10 Bold Reflections: We suck, we’re idiots

I’m going to open with a caveat: I chose my 10 Bold Predictions towards the very end of prediction season (i.e. last in the group). The issue with that is that I was trying to make bold predictions and avoid duplicating the predictions of others.

Now, that’s not an excuse, because I actually thought all of these things would be true, believe it or not. Let’s reflect, gloat and laugh in self-deprecating embarrassment, shall we?

Jedd Gyorko is the real deal
Stat Line: 125 GP, 525 PA, 6.3 BB%, 23.4 K%, .249/.301/.444, 110 wRC+, 23 HR, 63 RBI
Gyorko was a bit of a mixed bag this season. His mid-season injury limited his counting stats and his batting average wasn’t much help, but his 23 homers ranked second among second basemen. All things considered, Gyorko ranked 16th among third basemen and 15th among second basemen, making him useful if not a set-and-forget type.

There’s also the matter of his split season: Gyorko was .284/.341/.461 with eight home runs in 60 games before his injury, .111/.147/.194 with two homers in his first 19 games back, and .258/.308/.522 with 13 homers in his final 46 games. If we’re willing to forgive his post-injury re-acclimation, the rookie had a heck of a season.

Danny Espinosa outperforms Ian Desmond
Stat Line: Espinosa .158/.193/.272, 3 HR, 1 SB; Desmond .280/.331/.453, 20 HR, 21 SB

Jonny Gomes hits 20 HR and 25 doubles
Stat Line: 116 GP, 366 PA, .247/.344/.426, 13 HR, 52 RBI, 109 wRC+, 17 doubles
Gomes didn’t quite reach the level of ownability I had anticipated, but he certainly didn’t turn in a bad season. I thought the lefty-masher would benefit a bit more from hitting in Fenway but he instead became less of a pull-hitter than he had previously shown. I’m sure the Sox will take it, though, as will owners who had the luxury of a few bench spots for platoons.

Sergio Santos leads the Jays in saves
Stat Line: 29 GP, 25.2 IP, 1.75 ERA, 1.84 FIP, 31.1 K%, 4.4 BB%, 1 save
The skills analysis was just fine but an early-season injury to Santos allowed Casey Janssen (2.56 ERA, 2.74 FIP, 34 saves) to run with the job. I’ll gladly double-down on this prediction next year.

Cory Luebke is a top-100 starting pitcher
Stat Line: N/A
Luebke never ended up returning from injury in time to pitch in 2013. This wasn’t too bold, however, as Will Smith, Ross Ohlendorf, Brandon Cumpton, Tim Stauffer and Yusmeiro Petit all sat around the top-100 marker with fewer than 70 innings (some relief, innings some injury/minors-related). The worst part is that Luebke is still having issues with the arm.

David Hernandez leads the Diamondbacks in saves
Stat Line: 4.48 ERA, 4.36 FIP, 2 saves, 25.1 K%
Once again the reasoning was on in that Heath Bell and J.J Putz traded the role around with Brad Siegler swooping in for 13 saves. Unfortunately, Hernandez had his worst season since 2010 when the opportunity was finally present, seeing a dip in strikeout rate and a huge jump in HR/FB rate.

Wilin Rosario hits 30 home runs, making him a top-five fantasy catcher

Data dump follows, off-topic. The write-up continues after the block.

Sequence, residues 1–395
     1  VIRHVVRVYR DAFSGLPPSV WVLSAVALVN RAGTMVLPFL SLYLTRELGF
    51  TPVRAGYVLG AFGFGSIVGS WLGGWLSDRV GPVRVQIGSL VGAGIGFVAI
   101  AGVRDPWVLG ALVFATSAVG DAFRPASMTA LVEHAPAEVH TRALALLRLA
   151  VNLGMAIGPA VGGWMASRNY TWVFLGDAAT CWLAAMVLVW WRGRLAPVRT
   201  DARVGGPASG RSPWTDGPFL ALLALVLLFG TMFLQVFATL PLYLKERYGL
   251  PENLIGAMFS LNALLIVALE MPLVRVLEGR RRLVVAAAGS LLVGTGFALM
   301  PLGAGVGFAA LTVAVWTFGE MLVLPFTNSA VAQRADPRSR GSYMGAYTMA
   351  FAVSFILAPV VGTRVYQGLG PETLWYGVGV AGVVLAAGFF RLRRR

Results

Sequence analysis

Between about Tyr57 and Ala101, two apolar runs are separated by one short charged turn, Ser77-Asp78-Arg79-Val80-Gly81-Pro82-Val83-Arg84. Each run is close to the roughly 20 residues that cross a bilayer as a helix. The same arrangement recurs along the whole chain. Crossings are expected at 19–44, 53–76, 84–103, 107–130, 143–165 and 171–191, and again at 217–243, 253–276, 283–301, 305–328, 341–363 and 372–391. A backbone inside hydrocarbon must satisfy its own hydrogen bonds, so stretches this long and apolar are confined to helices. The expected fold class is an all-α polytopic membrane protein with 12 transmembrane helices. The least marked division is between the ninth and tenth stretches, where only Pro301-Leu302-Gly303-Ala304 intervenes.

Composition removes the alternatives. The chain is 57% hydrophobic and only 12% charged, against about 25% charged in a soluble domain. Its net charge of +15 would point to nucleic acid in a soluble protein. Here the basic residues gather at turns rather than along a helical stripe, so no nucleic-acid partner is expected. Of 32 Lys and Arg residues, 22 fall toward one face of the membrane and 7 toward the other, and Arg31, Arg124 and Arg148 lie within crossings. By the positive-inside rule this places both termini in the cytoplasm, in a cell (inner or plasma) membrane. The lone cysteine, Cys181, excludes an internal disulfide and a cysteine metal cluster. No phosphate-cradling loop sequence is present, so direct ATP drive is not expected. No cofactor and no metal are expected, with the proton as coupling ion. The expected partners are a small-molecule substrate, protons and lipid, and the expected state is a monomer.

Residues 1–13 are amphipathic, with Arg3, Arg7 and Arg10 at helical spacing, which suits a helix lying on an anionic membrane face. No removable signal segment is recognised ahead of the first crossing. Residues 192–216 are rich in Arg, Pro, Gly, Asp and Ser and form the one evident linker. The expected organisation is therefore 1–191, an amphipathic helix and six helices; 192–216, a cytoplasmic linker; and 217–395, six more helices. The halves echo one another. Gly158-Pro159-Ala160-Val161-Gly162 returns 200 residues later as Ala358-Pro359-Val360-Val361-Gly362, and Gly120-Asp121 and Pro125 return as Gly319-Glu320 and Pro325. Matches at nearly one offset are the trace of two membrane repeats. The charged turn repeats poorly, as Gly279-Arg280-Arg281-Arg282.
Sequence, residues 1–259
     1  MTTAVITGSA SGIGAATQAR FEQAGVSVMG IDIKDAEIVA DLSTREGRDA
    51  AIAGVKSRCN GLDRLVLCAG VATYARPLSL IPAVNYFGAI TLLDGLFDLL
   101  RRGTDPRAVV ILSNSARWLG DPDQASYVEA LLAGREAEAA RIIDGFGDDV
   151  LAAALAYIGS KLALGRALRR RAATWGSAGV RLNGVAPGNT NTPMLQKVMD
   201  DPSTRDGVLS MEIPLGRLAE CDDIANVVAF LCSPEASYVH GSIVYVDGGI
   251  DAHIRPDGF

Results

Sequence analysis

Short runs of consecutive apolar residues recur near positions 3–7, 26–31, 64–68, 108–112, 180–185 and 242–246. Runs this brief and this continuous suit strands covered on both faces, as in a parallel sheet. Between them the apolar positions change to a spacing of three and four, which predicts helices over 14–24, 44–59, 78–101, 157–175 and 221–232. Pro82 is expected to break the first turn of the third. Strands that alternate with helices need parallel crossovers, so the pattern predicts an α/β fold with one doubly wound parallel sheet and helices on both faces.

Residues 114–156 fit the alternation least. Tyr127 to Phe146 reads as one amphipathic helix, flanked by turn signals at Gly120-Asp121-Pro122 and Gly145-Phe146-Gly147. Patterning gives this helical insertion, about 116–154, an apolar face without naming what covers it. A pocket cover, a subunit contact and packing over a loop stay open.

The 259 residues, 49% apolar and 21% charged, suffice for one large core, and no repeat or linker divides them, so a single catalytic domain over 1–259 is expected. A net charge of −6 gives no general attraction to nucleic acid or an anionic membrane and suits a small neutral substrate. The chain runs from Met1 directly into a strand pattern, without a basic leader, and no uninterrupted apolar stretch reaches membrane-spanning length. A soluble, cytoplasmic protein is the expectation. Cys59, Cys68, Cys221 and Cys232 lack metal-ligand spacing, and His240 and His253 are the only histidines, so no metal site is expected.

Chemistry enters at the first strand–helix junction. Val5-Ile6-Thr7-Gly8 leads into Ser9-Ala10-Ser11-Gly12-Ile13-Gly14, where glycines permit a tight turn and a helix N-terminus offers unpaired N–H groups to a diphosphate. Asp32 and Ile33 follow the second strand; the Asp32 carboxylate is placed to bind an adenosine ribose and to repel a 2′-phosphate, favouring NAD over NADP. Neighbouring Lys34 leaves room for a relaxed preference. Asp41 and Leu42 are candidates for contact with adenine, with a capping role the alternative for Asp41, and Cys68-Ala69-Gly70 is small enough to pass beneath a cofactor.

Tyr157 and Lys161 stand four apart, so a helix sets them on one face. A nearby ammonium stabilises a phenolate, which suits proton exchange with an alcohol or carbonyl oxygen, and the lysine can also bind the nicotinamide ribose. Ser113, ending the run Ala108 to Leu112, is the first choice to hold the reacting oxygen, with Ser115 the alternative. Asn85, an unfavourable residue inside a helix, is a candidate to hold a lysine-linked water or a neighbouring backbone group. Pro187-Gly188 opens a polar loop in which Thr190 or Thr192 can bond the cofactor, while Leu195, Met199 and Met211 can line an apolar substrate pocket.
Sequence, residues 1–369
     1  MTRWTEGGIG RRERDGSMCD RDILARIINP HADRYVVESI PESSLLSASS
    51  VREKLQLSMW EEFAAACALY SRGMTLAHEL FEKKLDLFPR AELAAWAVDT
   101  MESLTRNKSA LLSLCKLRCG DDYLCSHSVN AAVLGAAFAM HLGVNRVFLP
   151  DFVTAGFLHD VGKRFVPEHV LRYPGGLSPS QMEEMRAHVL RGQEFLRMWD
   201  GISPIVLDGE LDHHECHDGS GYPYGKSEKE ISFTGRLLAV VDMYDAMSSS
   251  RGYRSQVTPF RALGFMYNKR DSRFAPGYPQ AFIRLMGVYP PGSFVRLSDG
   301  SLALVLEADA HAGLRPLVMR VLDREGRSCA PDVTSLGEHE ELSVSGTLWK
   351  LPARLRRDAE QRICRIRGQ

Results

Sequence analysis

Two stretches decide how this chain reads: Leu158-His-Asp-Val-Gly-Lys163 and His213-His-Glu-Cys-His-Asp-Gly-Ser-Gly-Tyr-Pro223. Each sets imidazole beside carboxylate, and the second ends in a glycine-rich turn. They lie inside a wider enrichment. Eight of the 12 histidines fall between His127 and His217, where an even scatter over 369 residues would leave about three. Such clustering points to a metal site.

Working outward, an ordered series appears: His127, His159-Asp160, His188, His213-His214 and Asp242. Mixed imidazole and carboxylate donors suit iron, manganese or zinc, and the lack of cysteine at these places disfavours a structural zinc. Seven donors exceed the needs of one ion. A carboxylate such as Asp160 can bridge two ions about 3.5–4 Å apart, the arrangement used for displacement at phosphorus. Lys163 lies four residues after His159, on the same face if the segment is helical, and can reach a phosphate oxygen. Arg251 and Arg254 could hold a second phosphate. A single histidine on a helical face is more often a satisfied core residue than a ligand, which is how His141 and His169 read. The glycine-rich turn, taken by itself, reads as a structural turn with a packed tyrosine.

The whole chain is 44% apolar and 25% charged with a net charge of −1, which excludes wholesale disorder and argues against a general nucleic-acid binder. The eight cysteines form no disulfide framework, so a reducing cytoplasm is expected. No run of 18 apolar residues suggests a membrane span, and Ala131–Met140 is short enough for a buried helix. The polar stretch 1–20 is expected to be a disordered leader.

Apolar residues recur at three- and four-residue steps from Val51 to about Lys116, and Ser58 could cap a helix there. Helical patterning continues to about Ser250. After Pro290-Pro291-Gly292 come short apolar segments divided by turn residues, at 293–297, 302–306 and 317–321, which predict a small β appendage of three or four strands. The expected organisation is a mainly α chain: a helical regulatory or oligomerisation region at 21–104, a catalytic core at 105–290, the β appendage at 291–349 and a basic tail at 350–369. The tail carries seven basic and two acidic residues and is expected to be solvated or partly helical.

Stat Line: 121 GP, 466 PA, .292/.315/.486, 21 HR, 79 RBI, 107 wRC+
Even though he came up short of the homer total, I’m calling this one a win since he ranked third in catcher value (and because I really need a win).

Max Scherzer outperforms Brandon Morrow and Josh Johnson on a per-IP basis
Stat Line: Scherzer 2.90 ERA, 2.74 FIP, 21 wins, 2nd in value; Morrow 5.63 ERA, 5.42 FIP, 2 wins, outside top-200; Johnson 6.20 ERA, 4.62 FIP, 2 wins, outside top-200
I got ripped a bit for this not being bold, but their ADPs were all extremely close before the season. Obviously, this was an easy victory, both on a per-IP basis and cumulatively.

Matt Moore figures it out and becomes a fantasy ace.
Stat Line: 3.29 ERA, 3.95 FIP, 17 wins, 22.3 K%, 11.8 BB%
This wasn’t a bad call, but Moore finishing 35th in starter value makes it a loss. Part of that is due to about 50 innings being lost to injury and the rest is due to a terrible June that saw him post an 8.39 ERA. Overall, though, Moore remains good but not excellent, unable to consistently throw strikes and thus making him an SP2 at best.

Billy Butler hits fewer than 20 home runs and is outside the top-10 first basemen
Stat Line: 162 GP, 668 PA, .289/.374/.412, 116 wRC+, 15 HR, 82 RBI
People really didn’t like this call coming off Butler’s 29-home run 2012 breakout but it probably ended up being my best prediction of the bunch. Butler was still a valuable baseball player for the Royals but finished as just the 21st most valuable first basemen for fantasy purposes.

Chris Davis hits 53 home runs
Stat Line: 53 HR
I swear I made this prediction. Someone must have edited it out.

Overall it wasn’t a very successful set of predictions, but with bold predictions you’re not really trying to hit for a high percentage, you just want the ones you hit to have a big impact (think of these sets of 10 like little Joe Carters). None of these were likely to hurt you except maybe the Espinosa recommendation, while the Rosario, Scherzer and Butler nods could have helped.

Next year, I’ll call dibs on an early date though, so I’ll have no excuses when I go 0-for-10.

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Blake Murphy is a news editor at The Score, and is a freelance sportswriter covering baseball, basketball, hockey and more. Think Bo Jackson, without the being good at every sport part. Follow him on Twitter @BlakeMurphyODC.

6 Responses to “10 Bold Reflections: We suck, we’re idiots”

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  1. weselm says:

    I would have thought that choosing your 10 bold predictions “towards the very end of the season” would’ve produced better results.

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  2. Jon L. says:

    Sure, 21 homers is 30 homers. Why not?

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